• cathy-o 4.1.9

        Sweden, now there's an example we could follow

        Sweden 14781 deaths………452 per million population

        New Zealand 27 deaths…………5 per million population

        [fixed error in user name]

    • Gezza 4.2

      Yup. I don’t think he was an especially bad prime Minister, but I never trusted that he was always telling the truth.

      I never minded that he was merchant banker. Not a job I’d want to take on. The stress would get to me very fast.

      Key obviously doesn’t stress; it appears alien to his nature. Probably one of the reasons he did so well in the banking world.

      But, despite his upbringing, I don’t think he’s is all that good at empathy, nor at seeing issues from other perspectives.

      Despite his talent for schmoozing, there was always something about his smugness that irritated me. In fact, I think maybe the best thing about Sir John Key was Bill English.

  5. RedLogix 5

    Judging the self-righteous open xenophobia on display from the morally superior vaccinated – Key has a point.

    This 'team of five million' sure doesn't include the one million who cannot get home.

    • Ghostwhowalksnz 5.1

      There isnt 1 million who cant get home. Even Australia only has 600,000 who were born here ( and they could get back for 2 months but mostly didnt)

      The booking spaces were clogged with Kiwis who are here now but want to travel and return in next few months. One radio reporter was mentioned as got MIQ space but couldnt get airline seats for their sojourn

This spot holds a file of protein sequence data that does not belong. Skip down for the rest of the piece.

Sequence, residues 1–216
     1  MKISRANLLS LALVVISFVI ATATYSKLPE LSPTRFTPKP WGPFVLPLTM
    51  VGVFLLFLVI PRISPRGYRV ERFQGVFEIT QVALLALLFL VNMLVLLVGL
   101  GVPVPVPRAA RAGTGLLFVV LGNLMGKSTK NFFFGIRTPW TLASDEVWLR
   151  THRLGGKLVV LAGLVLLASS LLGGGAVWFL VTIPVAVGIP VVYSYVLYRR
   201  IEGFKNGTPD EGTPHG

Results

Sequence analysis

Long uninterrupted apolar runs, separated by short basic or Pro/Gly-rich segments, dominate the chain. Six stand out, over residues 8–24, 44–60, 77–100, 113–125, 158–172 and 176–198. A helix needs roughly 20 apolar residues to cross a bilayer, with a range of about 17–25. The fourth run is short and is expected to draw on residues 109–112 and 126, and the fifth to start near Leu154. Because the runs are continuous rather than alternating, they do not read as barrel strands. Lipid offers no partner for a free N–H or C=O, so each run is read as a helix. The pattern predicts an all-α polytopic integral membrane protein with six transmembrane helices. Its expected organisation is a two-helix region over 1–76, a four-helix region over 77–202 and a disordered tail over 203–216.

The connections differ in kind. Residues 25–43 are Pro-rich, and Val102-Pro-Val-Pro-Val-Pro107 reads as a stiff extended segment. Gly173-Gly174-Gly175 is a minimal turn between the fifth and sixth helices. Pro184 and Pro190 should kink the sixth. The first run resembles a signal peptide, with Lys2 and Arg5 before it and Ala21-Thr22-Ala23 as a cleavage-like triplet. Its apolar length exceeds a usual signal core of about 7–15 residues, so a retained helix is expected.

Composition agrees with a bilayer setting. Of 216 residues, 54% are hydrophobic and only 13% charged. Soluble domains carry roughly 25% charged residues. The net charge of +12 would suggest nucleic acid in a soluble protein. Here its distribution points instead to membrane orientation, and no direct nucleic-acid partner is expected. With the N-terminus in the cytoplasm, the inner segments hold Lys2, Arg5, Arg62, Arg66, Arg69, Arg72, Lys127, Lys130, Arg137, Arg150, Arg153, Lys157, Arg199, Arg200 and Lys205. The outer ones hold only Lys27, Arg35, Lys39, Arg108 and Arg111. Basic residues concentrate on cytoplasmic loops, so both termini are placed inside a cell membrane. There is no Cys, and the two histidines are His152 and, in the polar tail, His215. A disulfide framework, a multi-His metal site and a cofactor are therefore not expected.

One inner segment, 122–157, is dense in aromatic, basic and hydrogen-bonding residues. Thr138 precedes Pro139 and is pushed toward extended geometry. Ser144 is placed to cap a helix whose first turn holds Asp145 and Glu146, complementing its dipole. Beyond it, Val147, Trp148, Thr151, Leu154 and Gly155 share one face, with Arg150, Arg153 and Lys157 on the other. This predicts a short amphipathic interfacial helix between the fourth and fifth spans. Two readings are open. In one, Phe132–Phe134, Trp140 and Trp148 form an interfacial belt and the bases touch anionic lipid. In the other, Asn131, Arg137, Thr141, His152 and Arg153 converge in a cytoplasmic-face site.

• RedLogix 5.1.1

        There are roughly 1m New Zealand citizens who live overseas, as a nation NZ has a remarkably large diaspora. In Australia a large fraction are Maori and Pacific peoples.

        It's flat out silly to suggest that all 1m of us should have come home in 2020 'when we had the chance'. There were never the airline seats available for a start, and you think we have a housing crisis? And jobs?

        The reality for most of us is that we had to make a choice between income and family – but there isn't a clear end date in sight. The longer it goes on the more invidious this choice becomes.

        • Bearded Git

          Are your elderly parents or grandparents expendable in order to satisfy the "Key" model (big business is all that matters) Red?

          • RedLogix

            My father is very vulnerable but he's vaccinated. He's as well protected as he can be – and last time we spoke he'd sooner take his chances with COVID than remain as terribly lonely as he is.

            That's his choice.

            The ability to travel is woven into the fabric of the modern world – something that is of importance to people of all classes – not just ‘big business’.

            • Descendant Of Smith

              In some circles it is as you suggest – in many it is a once in a lifetime option still – and for some not even that. Only 70% of New Zealanders have a passport.

              Many of those people are also on the lowest lifetime incomes and are the most vulnerable e.g. people with disabilities.

              There seems to be a constant failure to understand that lots and lots of people don't travel and care more about their health.

              But you know all they have to do is get a better job or work a bit harder then they can be enjoying the fruits of their labours as well – you too can spread COVID around the world.

              • RedLogix

                Many of those people are also on the lowest lifetime incomes and are the most vulnerable e.g. people with disabilities.

                My own brother is in exactly this situation. It pisses me off that he needs to tell WINZ before he's allowed to get on a plane.